Reported Audio Issues – Various audio issues have been reported, but I’ve never experienced any of them. Maybe I’m just lucky, but then again I updated the firmware as soon as I got my A50. Hint hint.
Short Cables Are Short – The MixAmp Transmitter obviously needs wires, such as the optical and USB cables, to be connected to a system. Sadly, the wires included are pretty short (or rather, “standard”) in length. Depending on your gaming setup, you may need to replace it with longer wires.
Sound Escapes – Call me nitpicky, but something I’ve noticed to be a major flaw with just about all gaming headsets, including the A50, is that they’re quite audible to those around you when you crank up the volume full blast. I mean, we use headsets for privacy and courtesy to others, no? So if sound escapes, wouldn’t that defeat the purpose?
No More Customizable Tags – One of the things that made the A50’s predecessors, like the A40, unique was that they featured customizable tags. You can purchase pre-made ones or create your own via AstroGaming’s website. The A50 sets itself apart from its brethren by being more of a “what you see is what you get” model.
Xbox 360 Not Getting Any Slack – This isn’t to say that the A50 is incompatible with the Xbox 360, but rather you need to be aware of a couple of things. First, you’ll need to connect the A50 to your gamepad using the chat cable included. Second, classic Xbox 360s don’t come equipped with an optical port for the MixAmp Transmitter, so you may need to either buy an Xbox 360 audio adapter with an optical port, or check to see that your TV supports HDMI passthrough.
Battery “Pwns” You – The internal lithium-ion batteries generally give you eight hours of playtime. This may be enough for most people, but probably not for hardcore gamers. You can charge and play at the same time, but it still takes about 3 hours to do a full charge prior to using the headset wirelessly again, and that the batteries have life-spans (of about three years or so) before they need to be replaced by the manufacturer.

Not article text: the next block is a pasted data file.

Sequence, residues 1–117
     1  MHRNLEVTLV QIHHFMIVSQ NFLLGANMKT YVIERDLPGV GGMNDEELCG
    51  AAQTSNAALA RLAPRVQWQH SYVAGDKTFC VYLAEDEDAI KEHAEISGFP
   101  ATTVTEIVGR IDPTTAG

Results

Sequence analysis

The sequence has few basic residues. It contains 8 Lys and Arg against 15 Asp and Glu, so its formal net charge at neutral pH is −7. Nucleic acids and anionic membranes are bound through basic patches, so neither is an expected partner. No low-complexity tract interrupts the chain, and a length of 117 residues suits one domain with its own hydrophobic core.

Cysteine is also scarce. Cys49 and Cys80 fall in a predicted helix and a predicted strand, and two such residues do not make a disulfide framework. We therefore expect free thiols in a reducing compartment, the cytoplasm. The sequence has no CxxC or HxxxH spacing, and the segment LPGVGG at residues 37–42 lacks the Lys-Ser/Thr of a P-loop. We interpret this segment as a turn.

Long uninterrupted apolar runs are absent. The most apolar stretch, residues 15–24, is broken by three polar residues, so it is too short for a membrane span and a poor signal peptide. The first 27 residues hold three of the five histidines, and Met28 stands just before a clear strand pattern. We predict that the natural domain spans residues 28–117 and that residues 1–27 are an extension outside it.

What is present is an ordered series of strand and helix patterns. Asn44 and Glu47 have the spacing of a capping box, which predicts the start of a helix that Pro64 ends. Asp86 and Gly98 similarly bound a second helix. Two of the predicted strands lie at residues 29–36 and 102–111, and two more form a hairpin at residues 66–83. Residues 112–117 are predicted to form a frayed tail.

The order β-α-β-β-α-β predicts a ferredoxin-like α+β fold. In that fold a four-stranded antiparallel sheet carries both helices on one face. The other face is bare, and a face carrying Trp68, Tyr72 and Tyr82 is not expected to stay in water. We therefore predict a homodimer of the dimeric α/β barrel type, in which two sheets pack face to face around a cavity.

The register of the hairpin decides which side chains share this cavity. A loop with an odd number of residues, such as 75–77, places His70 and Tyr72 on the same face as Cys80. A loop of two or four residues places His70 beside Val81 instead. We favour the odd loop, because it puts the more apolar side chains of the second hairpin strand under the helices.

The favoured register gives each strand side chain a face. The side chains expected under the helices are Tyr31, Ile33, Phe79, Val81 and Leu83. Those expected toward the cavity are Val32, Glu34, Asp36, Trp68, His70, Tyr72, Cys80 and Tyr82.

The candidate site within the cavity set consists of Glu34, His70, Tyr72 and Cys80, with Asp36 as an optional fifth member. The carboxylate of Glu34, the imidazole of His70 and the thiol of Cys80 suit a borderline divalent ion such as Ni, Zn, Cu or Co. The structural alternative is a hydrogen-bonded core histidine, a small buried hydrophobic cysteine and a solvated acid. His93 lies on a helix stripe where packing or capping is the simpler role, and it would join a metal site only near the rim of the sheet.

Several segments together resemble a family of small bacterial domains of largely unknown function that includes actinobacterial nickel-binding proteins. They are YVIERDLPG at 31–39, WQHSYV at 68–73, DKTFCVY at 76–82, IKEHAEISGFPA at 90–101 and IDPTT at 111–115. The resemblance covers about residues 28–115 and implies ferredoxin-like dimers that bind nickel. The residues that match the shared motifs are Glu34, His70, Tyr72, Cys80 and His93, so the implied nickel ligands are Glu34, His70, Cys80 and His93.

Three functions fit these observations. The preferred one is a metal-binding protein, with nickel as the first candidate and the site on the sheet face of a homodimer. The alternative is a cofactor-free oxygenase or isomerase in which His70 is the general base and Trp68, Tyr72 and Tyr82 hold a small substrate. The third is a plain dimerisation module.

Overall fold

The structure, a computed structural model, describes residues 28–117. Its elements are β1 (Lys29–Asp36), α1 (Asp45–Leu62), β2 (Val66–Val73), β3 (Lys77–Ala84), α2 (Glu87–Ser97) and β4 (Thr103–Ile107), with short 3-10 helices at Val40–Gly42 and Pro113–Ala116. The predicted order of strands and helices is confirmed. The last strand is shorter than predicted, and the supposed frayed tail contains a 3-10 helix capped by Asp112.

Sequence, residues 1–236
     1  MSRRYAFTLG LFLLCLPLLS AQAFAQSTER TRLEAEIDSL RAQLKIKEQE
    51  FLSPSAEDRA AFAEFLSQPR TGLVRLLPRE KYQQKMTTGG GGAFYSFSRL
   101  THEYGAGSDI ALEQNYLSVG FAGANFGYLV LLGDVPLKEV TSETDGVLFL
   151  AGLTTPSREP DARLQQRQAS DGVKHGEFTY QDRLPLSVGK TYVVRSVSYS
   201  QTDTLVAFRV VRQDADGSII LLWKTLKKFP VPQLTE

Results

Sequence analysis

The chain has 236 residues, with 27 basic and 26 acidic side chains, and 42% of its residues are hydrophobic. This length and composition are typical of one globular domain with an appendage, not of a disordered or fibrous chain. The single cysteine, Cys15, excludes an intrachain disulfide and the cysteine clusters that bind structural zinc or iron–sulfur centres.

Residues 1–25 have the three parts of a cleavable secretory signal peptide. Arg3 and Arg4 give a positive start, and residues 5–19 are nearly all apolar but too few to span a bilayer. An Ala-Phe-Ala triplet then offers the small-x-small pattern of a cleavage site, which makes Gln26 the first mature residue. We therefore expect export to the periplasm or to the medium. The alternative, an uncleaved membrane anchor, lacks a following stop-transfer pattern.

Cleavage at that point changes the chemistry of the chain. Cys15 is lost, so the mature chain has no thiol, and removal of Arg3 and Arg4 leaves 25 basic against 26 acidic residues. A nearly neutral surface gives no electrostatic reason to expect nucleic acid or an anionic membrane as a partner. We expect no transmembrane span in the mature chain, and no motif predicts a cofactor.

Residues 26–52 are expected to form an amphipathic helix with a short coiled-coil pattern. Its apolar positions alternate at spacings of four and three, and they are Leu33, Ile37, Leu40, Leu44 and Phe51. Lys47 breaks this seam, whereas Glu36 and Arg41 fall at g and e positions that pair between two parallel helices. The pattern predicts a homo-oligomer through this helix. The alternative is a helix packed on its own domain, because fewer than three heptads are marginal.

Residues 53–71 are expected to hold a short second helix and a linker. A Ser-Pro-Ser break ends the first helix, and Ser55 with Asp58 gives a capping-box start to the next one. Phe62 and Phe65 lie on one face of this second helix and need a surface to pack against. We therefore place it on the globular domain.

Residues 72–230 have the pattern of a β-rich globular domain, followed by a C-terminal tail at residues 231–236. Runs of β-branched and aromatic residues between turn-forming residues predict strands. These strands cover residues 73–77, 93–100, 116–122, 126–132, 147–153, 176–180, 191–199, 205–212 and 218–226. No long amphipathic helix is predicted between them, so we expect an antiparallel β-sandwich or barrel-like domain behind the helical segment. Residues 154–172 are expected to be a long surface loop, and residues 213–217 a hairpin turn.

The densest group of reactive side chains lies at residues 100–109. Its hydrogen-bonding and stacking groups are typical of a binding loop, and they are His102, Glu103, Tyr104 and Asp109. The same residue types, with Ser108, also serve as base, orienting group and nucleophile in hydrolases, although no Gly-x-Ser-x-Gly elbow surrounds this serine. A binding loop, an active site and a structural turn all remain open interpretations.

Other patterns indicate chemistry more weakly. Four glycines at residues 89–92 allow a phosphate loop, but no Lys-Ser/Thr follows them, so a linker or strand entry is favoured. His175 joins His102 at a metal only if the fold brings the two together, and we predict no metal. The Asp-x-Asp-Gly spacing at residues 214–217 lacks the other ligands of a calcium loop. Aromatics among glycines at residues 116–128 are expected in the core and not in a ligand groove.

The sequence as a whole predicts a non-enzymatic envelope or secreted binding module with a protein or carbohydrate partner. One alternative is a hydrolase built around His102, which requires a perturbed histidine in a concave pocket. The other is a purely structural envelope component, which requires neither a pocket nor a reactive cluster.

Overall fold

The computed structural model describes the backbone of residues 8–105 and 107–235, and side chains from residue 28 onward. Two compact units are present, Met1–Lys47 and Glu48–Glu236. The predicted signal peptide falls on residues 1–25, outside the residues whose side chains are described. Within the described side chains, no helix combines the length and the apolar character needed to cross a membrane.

Pretty Much All Plastic – With the A50’s premium price tag, you’d have to wonder where most of your money is going. Surely, it’s not to cover the costs of the plastic material used to make the headset with. Fortunately, the headset has some weight and looks sturdy enough to survive minor accidents (unlike my PX21).
I’ve tested the Astro A50 Wireless Gaming Headset for almost a couple of weeks now (mainly on the PC) and I can safely say it’s basically everything I could ask for. It’s wireless, comfortable, awesome-sounding, and most importantly, it’s compatible with multiple gaming platforms. Unfortunately, because of all its bells and whistles, the price tag is pretty high – high enough to turn off even the elitist of gamers. Those who are strongly satisfied with their current headsets will probably fail to see anything outstanding about the A50. But as for me, even with all its shortcomings, I got myself a keeper.
I'm all about what makes a geek a "geek" these days, from comics to anime, and from games to the latest tech. I'm a FIU graduate with a major in Information Technology and a minor in Marketing. As a gamer, and one who doesn't believe in fanboyism, I own multiple platforms to support the gaming industry as a whole.